The photosensitive polymer or the mixture of the photosensitive polymer and the low molecular weight compound is formed in film by coating it on a substrate. As the substrate, a uniaxial index ellipsoid layer or/and a biaxial index ellipsoid layer may be used. Examples of the uniaxis index ellipsoid layer or/and biaxial index ellipsoid layer include those obtained by uniaxial or biaxial stretching of a polymer material such as polycarbonate or triacetylcellulose and those obtained by developing a birefringence by irradiating such a photosensitive material as used in the present invention with light, though not limited to these materials and any material having desired optical characteristics may be used.

As raw materials of a retardation film to be used in this fourth example of the third production process, the same materials that are exemplified in the first production process were used.

In the fourth example of the third production process, irradiation with light is carried out as shown in FIG. 8 in the same manner as in the second production process. Example 27 obtained when a retardation film is produced in this manner is shown below.

EXAMPLE 27

(1) 3.75 wt % of the polymer (1) and 1.25 wt % of the low molecular weight compound (1) were dissolved in dichloroethane and the mixed solution was formed in film by coating it on a substrate (triacetyl cellulose film) in a thickness of about 4 μm.

(2) The formed layer side and backface side, or both of the opposite principal surfaces of the aforementioned layer-formed film were irradiated with a ultraviolet ray converted into linear polarized light by using a Glan-Taylor prism in the direction inclined at 20 degrees with the direction of the normal line of the film surface (formed-layer surface) at intensities of 100 mJ/cm2 and 200 mJ/cm2 respectively at a symmetric angle of 180 degrees.

(3) In the next stage, the substrate was turned by 90 degrees in the direction parallel to the film surface (formed-layer surface) while keeping the inclination of the ultraviolet ray to be irradiated at 20 degrees with the direction of the normal line of the film surface (formed-layer surface) and then the ultraviolet ray was irradiated again to the formed-layer surface side and backface side of the film at intensities of 100 mJ/cm2 and 200 mJ/cm2 respectively at a symmetric angle of 180 degrees.

(4) The irradiated film was heated to 100° C. and then cooled to room temperature.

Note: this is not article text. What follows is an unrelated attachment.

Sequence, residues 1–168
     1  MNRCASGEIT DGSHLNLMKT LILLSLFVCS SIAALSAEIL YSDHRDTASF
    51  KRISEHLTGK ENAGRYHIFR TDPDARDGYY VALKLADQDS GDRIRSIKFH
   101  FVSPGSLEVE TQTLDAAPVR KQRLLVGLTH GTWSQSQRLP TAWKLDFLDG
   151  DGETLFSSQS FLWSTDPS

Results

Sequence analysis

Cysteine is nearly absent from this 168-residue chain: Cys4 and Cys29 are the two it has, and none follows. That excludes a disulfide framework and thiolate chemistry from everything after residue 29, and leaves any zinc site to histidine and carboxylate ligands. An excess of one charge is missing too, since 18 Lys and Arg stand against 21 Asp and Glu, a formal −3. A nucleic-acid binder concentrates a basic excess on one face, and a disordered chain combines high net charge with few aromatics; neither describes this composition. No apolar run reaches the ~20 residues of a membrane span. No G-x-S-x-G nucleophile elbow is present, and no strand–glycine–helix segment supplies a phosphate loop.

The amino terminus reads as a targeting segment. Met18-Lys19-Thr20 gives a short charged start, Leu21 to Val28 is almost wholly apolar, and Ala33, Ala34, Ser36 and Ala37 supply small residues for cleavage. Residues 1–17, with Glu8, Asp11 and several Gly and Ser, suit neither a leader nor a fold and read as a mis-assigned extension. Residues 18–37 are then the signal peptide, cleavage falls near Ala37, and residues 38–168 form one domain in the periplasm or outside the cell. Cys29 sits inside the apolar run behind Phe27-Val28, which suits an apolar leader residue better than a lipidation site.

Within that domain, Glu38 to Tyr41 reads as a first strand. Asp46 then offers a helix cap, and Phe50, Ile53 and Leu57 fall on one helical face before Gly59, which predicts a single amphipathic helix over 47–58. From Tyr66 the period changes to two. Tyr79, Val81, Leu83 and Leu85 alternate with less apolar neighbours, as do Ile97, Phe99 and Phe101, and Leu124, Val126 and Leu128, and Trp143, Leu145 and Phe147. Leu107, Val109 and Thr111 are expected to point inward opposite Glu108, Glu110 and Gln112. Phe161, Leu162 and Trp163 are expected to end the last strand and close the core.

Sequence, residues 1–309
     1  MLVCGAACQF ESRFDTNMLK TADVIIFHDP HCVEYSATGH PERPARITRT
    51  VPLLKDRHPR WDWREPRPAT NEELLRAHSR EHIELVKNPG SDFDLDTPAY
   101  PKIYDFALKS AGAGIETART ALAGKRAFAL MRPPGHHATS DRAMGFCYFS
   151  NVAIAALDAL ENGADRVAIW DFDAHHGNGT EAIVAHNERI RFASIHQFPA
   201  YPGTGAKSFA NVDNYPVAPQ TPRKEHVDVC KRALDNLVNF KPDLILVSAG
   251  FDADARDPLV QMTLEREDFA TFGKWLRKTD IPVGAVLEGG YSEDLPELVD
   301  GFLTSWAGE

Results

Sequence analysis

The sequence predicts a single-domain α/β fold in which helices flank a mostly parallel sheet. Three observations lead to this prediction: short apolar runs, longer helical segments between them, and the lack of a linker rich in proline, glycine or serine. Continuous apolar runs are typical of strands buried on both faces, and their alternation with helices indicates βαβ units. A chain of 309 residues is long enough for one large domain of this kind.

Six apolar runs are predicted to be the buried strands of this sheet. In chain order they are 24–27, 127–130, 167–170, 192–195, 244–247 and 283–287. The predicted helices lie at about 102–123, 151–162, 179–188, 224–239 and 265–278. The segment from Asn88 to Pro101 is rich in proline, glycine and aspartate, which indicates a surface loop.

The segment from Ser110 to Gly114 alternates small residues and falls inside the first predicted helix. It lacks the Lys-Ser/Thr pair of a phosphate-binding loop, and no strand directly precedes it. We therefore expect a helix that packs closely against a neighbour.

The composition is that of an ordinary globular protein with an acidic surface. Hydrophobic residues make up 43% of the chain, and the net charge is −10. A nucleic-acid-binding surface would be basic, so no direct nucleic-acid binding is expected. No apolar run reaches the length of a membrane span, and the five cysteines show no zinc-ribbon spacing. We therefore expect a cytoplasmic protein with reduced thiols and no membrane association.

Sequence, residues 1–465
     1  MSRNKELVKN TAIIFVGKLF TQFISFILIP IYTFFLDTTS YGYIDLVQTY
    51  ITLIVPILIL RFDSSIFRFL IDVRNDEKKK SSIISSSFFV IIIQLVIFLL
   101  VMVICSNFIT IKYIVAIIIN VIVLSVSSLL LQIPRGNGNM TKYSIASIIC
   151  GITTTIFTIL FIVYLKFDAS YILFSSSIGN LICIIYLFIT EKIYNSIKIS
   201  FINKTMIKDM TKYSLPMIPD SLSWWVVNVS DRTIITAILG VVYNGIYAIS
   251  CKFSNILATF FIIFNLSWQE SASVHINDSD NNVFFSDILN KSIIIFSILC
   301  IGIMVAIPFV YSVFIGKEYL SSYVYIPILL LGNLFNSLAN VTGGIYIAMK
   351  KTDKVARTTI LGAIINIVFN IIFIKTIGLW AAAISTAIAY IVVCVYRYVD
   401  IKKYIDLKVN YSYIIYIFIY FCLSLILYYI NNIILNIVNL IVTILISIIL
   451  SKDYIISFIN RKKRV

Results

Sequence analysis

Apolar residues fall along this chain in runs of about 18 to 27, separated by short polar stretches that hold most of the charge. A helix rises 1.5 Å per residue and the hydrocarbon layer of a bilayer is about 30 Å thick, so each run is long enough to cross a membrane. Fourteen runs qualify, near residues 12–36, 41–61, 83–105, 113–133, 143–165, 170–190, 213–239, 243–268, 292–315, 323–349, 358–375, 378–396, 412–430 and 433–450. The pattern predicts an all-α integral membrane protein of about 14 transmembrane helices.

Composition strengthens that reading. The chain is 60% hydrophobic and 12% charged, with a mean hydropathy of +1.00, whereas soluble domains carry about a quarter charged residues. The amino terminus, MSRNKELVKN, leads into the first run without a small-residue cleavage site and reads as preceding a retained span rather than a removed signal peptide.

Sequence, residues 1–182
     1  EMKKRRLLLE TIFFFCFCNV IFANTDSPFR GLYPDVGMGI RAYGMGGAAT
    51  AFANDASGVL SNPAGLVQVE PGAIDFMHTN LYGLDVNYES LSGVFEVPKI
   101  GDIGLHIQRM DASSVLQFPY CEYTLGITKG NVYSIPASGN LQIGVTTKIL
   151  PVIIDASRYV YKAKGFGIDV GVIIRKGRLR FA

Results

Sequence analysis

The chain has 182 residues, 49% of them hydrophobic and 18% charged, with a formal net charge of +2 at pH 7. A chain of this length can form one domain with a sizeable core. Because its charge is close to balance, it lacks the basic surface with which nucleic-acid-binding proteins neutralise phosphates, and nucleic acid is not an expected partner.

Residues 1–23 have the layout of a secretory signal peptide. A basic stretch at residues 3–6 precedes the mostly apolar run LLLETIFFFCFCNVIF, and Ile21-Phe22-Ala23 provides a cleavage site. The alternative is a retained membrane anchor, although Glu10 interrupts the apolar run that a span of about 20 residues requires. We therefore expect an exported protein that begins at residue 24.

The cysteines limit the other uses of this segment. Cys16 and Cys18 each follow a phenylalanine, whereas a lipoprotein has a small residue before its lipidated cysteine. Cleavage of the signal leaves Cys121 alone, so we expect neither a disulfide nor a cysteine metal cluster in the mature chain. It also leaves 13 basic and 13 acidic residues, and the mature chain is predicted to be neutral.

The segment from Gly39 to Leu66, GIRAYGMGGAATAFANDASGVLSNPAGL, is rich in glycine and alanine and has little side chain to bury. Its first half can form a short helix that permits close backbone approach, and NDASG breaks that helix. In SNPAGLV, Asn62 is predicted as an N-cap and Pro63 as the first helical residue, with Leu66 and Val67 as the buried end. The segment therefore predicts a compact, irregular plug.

The angle dependency of the retardation of the optical anisotropic element produced in this manner is as follows, for example, in the case of the arrangement as shown in FIG. 22. When light passed in the O direction (incident angle: 50 degrees with the normal line of the substrate), the refractive index in the direction parallel to the plane was larger than the refractive index in the direction perpendicular to the plane and the retardation was 60 nm. When light passed in the P direction (incident angle: 50 degrees with the normal line of the substrate), the refractive index in the direction parallel to the plane was smaller than the refractive index in the direction perpendicular to the plane and the retardation was 10 nm. When light passed in the Q and Q′ directions (incident angle: 50 degrees with the normal line of the substrate), the refractive index in the direction parallel to the plane was larger than the refractive index in the direction perpendicular to the plane and the retardation was 10 nm.

After the polarized sheet of a liquid crystal color television EV-510 manufactured by Casio Corporation was peeled off, the obtained substrate was applied to the upper or lower side of the liquid crystal cell. Next, a polarized sheet (HEG1425DU, manufactured by Nitto Denko Corporation) was applied to each of the upper and lower sides. The structure of the arrangement of the axis of each optical element was designed to be the same as that shown FIG. 11 shown in the third production process. The results are shown in Table 7.

TABLE 7
Viewing angle (°)
Film Upper Lower Left Right
Examples 15 43 60 51
Comparisons (only 5 20 40 33
polarized sheet)

This Table 7 clearly indicates that each viewing angle in the upper, lower, left and right directions is enlarged in the retardation film obtained in the fourth example of the third production process.

As outlined above, according to the present invention, a retardation film can be obtained by a simple operation such as exposure even without using such a stretching process as used in prior art. Further, it is possible to produce films used in the fields of those differing in optical axis and therefore, the retardation film of the present invention is expected to be exploited for various optical elements.

Also, the retardation film in which the optical axis is inclined can be exploited as an optical compensation film for enlarging its viewing angle in a liquid crystal display using a twisted nematic liquid crystal utilizing an optical rotation mode or birefringence mode. It has been impossible to produce such a retardation film in which its optical axis is inclined and which has a large area at low costs so far. However, according to the present invention, an increase in the area of a retardation film can be attained by a simple operation of exposing with light from an oblique direction.

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Referenced by
Citing PatentFiling datePublication dateApplicantTitle
US7300687 *Feb 23, 2004Nov 27, 2007Hayashi Telempu Co., Ltd.photosensitive polymer and low molecular weight compound which are compatible is formed in film and exposed to light, whereby the photosensitive polymer and the low molecular weight compound can be oriented
US8724220Sep 2, 2011May 13, 2014Hayashi Telempu Co., Ltd.Depolarizing film having an optically anisotropic volumetric region
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Classifications
U.S. Classification428/1.2, 428/1.23, 428/1.26, 428/1.1, 427/508, 427/487, 427/162, 427/163.2, 428/1.25, 427/515
International ClassificationG02B5/30, C08G61/02, C08F2/48, C08F2/46
Cooperative ClassificationC08G61/02, G02B5/3083, G02B5/3016
European ClassificationG02B5/30L, C08G61/02, G02B5/30R
Legal Events
DateCodeEventDescription
Aug 24, 2011FPAYFee payment
Year of fee payment: 8
Nov 5, 2007FPAYFee payment
Year of fee payment: 4
Dec 27, 2001ASAssignment
Owner name: HAYASHI TELEMPU CO., LTD., JAPAN
Free format text: ASSIGNMENT OF ASSIGNORS INTEREST;ASSIGNORS:SAKAI, TAKEYA;UETSUKI, MASAO;KAWATSUKI, NOBUHIRO;REEL/FRAME:012413/0674
Effective date: 20011219
Owner name: HAYASHI TELEMPU CO., LTD. 4-5, KAMIMAEZU 1-CHOME,
Free format text: ASSIGNMENT OF ASSIGNORS INTEREST;ASSIGNORS:SAKAI, TAKEYA /AR;REEL/FRAME:012413/0674